What is open security?

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1

What is open security?

David A. Wheeler

August
21
, 2013

I
NSTI TUTE FOR
D
EFENSE
A
NALYSES

This document provides a definition of the term “open secur
i
ty,”
along with
some background,
clarifications, and discussion
.


Various

government

projects work to enable
“open security”


but what does that
term
mean? This
article

proposes
an answer,
along with background, clarifications, and discu
s
sion.

Proposed
D
efinition

Open security is the application of open source software (OSS) approaches to
help
solve cyber sec
u-
r
ity problems. OSS approaches
collaboratively develop and maintain intellectual works (i
n
cluding
software and documentation)
by enabling users to use
them
for any purpose,
as well as

study,
create,
change,
and
redistribute

them
(in whole or in part)
.

Cybe
r s
e
curity problems are a lack of security
(confidentiality, integrity, and/or availability)
,

or potential lack of security (
a
vulnerability)
,

in co
m-
puter sys
tems

and
/or

the
ne
t
works
they are a part of
.

In short,
open security improves
security
through
col
laboration
.

Background

Modern society depends on computer systems for
a myriad of

function
s
, yet cyber security wea
k-
nesses enable attackers to subvert those computer systems.

Often
attackers have the advantage


attackers can typically exploit systems by f
inding one or a few weaknesses, while defenders must
eliminate or remediate a large number of potential vulnerabilities in large, complex sy
s
tems.

In recent years OSS approaches have enable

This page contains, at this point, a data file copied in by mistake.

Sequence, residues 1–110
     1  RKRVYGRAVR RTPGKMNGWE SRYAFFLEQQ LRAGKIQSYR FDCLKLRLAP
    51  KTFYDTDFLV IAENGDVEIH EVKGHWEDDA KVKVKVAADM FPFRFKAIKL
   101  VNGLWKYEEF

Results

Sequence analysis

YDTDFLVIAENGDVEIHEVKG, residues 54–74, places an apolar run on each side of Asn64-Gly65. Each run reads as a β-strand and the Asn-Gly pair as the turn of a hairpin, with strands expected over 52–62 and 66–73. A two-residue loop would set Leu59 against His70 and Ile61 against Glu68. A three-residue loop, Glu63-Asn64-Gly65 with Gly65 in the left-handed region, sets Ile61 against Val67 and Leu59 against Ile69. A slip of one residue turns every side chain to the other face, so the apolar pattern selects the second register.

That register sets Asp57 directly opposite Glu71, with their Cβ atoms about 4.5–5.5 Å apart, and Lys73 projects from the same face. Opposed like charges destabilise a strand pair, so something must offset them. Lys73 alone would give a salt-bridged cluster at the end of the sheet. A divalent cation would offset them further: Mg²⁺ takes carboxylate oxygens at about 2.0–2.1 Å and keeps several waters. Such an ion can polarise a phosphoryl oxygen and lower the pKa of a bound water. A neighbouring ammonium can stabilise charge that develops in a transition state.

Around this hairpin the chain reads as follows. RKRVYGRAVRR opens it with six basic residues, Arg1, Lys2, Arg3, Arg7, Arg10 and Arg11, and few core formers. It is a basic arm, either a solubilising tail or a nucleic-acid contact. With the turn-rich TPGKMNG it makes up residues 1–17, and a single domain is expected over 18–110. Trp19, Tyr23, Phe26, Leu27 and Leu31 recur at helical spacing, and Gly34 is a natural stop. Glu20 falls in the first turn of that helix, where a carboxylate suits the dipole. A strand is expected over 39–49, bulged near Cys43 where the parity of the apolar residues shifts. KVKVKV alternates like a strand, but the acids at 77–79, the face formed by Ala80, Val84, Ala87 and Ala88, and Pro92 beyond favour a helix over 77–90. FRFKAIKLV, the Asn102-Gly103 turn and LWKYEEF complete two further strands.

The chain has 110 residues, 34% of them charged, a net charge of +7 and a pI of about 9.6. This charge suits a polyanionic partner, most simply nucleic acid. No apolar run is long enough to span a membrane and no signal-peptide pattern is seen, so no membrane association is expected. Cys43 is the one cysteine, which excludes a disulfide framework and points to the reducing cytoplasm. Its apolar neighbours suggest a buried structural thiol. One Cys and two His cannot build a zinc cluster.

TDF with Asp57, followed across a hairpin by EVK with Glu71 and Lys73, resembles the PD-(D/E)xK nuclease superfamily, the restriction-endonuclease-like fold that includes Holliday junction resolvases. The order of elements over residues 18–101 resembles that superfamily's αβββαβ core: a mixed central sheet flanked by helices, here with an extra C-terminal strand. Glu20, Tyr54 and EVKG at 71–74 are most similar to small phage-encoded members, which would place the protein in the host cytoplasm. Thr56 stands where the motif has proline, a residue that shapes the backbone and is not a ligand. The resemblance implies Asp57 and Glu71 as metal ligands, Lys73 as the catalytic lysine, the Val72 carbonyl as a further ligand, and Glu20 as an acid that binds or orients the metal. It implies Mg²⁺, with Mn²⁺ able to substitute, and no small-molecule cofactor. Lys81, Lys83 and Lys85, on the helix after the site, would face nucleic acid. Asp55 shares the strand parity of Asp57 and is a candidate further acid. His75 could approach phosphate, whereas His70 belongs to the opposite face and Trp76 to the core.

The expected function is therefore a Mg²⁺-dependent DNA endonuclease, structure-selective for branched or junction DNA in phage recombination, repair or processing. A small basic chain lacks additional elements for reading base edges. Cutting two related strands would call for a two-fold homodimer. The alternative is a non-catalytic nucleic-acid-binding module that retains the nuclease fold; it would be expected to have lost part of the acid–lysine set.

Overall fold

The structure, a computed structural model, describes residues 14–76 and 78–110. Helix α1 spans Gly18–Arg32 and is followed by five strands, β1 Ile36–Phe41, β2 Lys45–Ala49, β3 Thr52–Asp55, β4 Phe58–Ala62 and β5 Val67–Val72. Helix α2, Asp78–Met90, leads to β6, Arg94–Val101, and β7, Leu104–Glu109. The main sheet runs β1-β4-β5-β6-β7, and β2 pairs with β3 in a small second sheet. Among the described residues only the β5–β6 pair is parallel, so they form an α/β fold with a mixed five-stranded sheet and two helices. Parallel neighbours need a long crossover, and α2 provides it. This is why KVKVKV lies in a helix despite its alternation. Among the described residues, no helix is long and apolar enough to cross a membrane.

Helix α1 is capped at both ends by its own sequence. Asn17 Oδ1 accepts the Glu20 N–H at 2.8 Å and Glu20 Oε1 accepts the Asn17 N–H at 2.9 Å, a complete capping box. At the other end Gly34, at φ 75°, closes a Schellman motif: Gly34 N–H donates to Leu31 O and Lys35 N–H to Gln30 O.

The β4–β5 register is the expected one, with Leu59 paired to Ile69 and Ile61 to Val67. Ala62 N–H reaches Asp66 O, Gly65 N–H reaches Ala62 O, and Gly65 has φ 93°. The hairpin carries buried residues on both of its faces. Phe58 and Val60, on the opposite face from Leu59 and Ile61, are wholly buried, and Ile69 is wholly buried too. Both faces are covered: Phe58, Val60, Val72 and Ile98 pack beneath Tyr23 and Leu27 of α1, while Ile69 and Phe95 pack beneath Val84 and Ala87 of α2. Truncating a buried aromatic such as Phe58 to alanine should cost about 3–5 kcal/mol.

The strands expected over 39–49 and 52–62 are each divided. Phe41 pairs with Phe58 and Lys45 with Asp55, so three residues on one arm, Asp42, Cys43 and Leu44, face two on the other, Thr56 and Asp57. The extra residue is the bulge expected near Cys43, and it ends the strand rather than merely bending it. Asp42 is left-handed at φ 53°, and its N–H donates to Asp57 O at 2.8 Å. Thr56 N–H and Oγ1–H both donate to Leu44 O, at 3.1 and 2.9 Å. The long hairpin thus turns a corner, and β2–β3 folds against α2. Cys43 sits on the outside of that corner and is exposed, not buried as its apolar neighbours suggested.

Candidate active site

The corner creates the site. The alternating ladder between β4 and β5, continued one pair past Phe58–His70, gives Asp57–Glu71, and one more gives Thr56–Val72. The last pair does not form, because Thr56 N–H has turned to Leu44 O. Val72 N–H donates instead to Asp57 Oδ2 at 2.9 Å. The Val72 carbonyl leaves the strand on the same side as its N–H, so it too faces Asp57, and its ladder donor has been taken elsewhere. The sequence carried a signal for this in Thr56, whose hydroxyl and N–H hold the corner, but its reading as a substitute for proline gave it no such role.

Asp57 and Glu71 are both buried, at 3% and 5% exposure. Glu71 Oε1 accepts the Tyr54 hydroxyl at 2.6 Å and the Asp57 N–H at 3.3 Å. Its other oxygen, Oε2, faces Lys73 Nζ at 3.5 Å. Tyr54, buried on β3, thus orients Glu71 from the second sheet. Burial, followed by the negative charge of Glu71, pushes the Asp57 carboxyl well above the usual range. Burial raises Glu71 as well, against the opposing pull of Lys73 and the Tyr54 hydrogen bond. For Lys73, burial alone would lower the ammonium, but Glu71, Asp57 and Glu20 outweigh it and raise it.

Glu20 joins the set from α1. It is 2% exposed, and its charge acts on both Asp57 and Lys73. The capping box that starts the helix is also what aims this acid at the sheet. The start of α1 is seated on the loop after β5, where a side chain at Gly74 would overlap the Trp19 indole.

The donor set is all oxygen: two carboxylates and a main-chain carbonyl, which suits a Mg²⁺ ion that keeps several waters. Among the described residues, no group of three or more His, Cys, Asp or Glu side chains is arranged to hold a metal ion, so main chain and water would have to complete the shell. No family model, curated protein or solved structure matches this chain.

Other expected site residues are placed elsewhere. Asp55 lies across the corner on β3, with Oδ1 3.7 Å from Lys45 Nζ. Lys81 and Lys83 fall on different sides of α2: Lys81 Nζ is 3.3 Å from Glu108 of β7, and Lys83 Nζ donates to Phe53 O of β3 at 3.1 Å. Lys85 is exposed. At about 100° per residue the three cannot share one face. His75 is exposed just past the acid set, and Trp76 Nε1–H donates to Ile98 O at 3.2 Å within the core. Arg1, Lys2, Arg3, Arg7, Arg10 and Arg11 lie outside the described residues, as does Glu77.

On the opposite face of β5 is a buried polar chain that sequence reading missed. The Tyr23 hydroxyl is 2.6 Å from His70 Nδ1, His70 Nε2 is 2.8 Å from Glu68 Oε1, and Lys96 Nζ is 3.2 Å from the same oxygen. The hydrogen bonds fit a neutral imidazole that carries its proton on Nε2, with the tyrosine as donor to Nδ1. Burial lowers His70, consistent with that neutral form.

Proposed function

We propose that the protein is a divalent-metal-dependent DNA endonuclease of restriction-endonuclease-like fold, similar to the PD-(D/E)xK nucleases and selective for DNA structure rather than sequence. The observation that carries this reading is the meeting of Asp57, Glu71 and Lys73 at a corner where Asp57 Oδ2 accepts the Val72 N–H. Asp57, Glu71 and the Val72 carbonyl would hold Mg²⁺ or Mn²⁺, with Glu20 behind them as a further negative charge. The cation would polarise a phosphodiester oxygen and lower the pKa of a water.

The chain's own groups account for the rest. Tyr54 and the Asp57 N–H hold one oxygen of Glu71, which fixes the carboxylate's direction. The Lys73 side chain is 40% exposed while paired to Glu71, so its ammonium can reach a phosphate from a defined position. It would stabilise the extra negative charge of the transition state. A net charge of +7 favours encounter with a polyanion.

d

widespread co
l
labo
ration and produce
d

high
-
quality
,

widely

used

p
roducts.
W
idely

used
OSS programs include
Linux (a key part of Android), the Apache
web server, and the Firefox web browser.

OSS approaches have proven the
m
selves in areas

beyond
software
, e.g., Wikipedia uses OSS approaches to develop and maintain a rem
arkable enc
y
clopedia.

Since OSS approaches have proven themselves useful in solving other problems, it seems reasonable
to believe that OSS approaches could help solve some cyber security problems

as well
.

Defenders working together to eliminate and remedi
ate vulnerabilities are likely to be far more effe
c-
tive than if they work in isolation. For example, d
efenders as a group can be more

innovative

and
more thorough
, since with OSS approaches many different ideas can be quickly combined together.
OSS a
p
pro
aches are not free of cost, but since they often cost nothing to license and support can be
competed, OSS sol
u
tions are often inexpensive

and thus

more likely to be used.

This is not to say that all solutions must necessarily be OSS, or that OSS approaches

can solve all
cyber security problems. However, OSS approaches
have much to offer in

resolv
ing

current
cyber
s
e
curity
problems.

What is open security?

©Institute for Defense Analyses

2

Clarifications

Open security is simply the application of OSS approaches to a particular type of problem, so it
builds on exis
ting
OSS approach
es
.
P
eople must be allowed to
legally
collab
o
rate, so:



When applied to software,
this
proposed
definition requires that
software
be
released
to u
s-
ers
with rights that meet the Open Source Definition
[OSI]
as maintained by the Open
Source
Initiative (OSI)
,

as well as

the Free Software Definition
[FSF]
as maintained by the
Free Software Foundation (FSF). Both the OSI and FSF perform legal reviews to dete
r-
mine
whether
licenses meet these definitions; such licenses include the Massachusetts I
nst
i-
tute of Technology (MIT) license, the Apache 2.0 license, the GNU Lesser General Public
License (LGPL)
,

and the GNU General Public License (GPL).



When applied to other works (such as documentation),
this
proposed
definition requires
works
to
meet the D
efinition of Free Cultural Works

[FreedomDefined]. This definition is
used
, for example,

by the WikiMedia Foundation

[WikiMedia]
. Such content is often called
“open content”
(though
that term has
many
meaning
s
)
.
Works
that meet this definition i
n-
clude t
hose
released under the Creative Commons